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How can I retain information in a specific row in Excel?

Good day.
Attached is a sample Excel file.
When I insert a Row, where Row2 is.. Row1 is still retaining the data from Row2.  
What I would like is, after I insert a Row at Row2, that Row1 will now show the data from the new Row that was inserted.
is this possible?SampleRows.xlsx
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100questions
Asked:
100questions
1 Solution
 
Rob HensonIT & Database AssistantCommented:
A couple of options, OFFSET or INDIRECT function.

In B5 use this formula, and copy across:

=OFFSET(B5,1,0,1,1)

or

=INDIRECT(ADDRESS(ROW()+1,COLUMN(),1,1))
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Missus Miss_SellaneusCommented:
You need to use dollar signs in your formulas in row 1, so they don't change when a referenced row moves. Put the dollar sign in front of what you want to stay the same, in this case the row numbers.

=B$6, =B$7, etc.
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Roy CoxGroup Finance ManagerCommented:
I'm not exactly sure what you mean. If you select the cells in Row 2, right-click on the selection and choose insert you will get an option to move cels down, up etc. Is this what you mean?
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Rob HensonIT & Database AssistantCommented:
@Miss_Sellaneus - using $ won't work. If an absolute formula refers to row 2 and a row is inserted, making row 2 now row 3 the formula will update to row 3. If the formula is copied elsewhere then the reference to row 2 will remain but not when the data feeding the formula moves.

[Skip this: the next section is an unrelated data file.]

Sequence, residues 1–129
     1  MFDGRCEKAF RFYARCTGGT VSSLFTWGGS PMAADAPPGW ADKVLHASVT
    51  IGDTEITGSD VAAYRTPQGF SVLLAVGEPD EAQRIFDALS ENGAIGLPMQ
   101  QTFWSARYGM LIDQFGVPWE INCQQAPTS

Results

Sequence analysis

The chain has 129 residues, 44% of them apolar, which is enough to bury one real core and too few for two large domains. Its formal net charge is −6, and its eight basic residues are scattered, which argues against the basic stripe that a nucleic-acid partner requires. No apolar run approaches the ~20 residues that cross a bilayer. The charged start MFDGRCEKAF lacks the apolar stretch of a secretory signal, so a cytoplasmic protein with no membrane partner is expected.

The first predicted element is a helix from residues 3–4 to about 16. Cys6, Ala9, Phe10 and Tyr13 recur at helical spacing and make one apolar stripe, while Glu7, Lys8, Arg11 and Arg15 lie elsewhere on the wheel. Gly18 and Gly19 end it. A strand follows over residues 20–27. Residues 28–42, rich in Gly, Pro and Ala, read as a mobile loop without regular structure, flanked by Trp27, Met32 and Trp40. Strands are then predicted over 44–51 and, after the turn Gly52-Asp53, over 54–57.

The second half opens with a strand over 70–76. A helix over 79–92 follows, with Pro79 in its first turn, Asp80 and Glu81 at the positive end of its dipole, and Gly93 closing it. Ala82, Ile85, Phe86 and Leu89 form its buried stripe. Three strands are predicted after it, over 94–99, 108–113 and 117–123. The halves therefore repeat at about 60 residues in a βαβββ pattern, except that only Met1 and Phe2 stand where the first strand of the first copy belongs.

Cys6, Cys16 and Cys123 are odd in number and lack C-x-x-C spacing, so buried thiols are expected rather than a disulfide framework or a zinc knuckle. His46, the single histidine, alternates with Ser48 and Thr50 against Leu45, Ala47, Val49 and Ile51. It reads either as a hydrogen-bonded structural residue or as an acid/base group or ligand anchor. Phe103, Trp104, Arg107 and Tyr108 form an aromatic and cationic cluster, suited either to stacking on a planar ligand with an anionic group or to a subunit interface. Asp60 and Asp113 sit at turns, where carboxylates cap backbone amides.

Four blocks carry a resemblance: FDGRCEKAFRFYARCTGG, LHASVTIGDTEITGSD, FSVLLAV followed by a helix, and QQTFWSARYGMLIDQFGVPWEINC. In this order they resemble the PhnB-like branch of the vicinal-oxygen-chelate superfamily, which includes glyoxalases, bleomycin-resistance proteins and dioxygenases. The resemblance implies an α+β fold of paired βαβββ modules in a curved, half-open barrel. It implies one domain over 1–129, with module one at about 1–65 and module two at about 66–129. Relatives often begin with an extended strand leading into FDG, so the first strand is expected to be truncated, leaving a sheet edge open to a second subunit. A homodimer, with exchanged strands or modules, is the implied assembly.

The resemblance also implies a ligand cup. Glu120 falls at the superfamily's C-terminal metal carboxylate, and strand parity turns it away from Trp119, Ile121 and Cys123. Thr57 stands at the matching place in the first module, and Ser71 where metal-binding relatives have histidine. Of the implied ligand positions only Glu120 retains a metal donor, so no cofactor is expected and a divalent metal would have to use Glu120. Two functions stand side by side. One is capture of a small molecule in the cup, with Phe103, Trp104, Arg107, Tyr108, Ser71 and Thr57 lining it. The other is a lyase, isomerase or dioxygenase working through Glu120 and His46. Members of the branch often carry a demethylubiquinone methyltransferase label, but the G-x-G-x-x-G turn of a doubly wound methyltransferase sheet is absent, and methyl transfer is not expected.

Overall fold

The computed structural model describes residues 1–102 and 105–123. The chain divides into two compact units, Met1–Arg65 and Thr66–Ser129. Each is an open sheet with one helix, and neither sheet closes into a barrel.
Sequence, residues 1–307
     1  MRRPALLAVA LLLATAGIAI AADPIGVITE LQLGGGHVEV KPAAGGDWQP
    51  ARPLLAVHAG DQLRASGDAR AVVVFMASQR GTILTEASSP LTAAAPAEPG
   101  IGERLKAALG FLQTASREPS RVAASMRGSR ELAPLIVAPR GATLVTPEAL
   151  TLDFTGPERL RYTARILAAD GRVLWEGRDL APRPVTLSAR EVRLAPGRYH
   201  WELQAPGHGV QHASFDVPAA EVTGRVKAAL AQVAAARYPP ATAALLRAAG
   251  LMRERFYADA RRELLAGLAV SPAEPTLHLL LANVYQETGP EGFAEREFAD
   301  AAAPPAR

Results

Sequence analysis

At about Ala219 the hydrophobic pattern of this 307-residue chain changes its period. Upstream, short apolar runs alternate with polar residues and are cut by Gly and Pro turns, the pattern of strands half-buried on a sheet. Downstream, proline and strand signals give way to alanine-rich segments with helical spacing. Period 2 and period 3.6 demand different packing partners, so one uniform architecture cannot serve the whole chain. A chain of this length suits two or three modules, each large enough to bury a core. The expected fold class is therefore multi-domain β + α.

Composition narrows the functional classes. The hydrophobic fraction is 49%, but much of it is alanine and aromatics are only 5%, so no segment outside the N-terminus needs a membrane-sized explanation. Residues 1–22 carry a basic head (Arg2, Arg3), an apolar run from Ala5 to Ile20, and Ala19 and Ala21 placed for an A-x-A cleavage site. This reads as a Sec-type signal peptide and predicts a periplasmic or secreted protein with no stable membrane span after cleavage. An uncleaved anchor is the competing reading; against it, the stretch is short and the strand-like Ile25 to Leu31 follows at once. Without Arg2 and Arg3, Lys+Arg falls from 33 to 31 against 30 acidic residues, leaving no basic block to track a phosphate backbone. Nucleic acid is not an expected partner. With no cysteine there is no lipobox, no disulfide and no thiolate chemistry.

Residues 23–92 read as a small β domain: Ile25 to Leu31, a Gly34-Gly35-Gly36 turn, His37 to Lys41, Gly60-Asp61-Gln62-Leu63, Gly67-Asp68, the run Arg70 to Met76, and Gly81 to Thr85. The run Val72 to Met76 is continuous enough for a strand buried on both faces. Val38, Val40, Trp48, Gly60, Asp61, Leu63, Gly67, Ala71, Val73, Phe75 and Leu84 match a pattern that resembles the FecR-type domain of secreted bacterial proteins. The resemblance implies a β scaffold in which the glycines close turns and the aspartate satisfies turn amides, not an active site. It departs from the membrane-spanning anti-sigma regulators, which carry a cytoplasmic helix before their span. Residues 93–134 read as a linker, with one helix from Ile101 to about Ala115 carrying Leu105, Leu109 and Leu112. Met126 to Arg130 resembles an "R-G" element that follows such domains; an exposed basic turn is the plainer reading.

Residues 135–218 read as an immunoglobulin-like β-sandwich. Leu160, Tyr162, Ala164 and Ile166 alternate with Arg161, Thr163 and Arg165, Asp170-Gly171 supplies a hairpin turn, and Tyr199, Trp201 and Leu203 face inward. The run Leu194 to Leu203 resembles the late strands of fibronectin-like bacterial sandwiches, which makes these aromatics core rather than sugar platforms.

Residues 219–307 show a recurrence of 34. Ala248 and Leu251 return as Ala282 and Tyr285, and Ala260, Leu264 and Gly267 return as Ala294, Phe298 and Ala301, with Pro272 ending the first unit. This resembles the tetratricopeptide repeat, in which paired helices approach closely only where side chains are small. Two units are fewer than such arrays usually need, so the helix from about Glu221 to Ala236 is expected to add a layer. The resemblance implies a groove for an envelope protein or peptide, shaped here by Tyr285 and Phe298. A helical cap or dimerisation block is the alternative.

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Missus Miss_SellaneusCommented:
Rob: It worked for me on the author's spreadsheet. I inserted a row at row 2 and row 1 still referenced row 2 (which is the new inserted row) instead of updating to row 3. If I'm not mistaken, that's all the author needs. Are you talking about possible scenarios that don't currently exist in the spreadsheet? I think it's becoming way more complicated than necessary.
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Rob HensonIT & Database AssistantCommented:
Yes, row 1 still references row 2. Author wants row 1 to reference new row inserted between row 1 and row 2.

What I would like is, after I insert a Row at Row2, that Row1 will now show the data from the new Row that was inserted.
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Rob HensonIT & Database AssistantCommented:
OFFSET and INDIRECT functions are fairly well described in the Online Help but if you have any queries, please ask.
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Missus Miss_SellaneusCommented:
The inserted row becomes row 2. It still references row 2, therefore it references the new inserted row.
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Rob HensonIT & Database AssistantCommented:
I think that maybe the use of Row1 and Row2 as headers is confusing the situation. In the sample change the wording to Header1, Header2 and Header3.

Header1 is on row 5 and is referring to cells alongside Header2 in row 6.

Insert a row at row 6 pushing Header2 down to row 7. I believe the author wants the formulas against Header1 (row 5) to stay looking at row 6, currently empty but no doubt will be populated with new data. Using absolute references does not achieve this; the formulas stay referencing the data alongside Header2 (row 7).
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Missus Miss_SellaneusCommented:
Oh, okay, thanks! I didn't even pay attention to what was written in column A!
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Rob HensonIT & Database AssistantCommented:
No worries. Hopefully the author will post again soon to confirm.
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100questionsAuthor Commented:
Thank you.  Option 1 worked.
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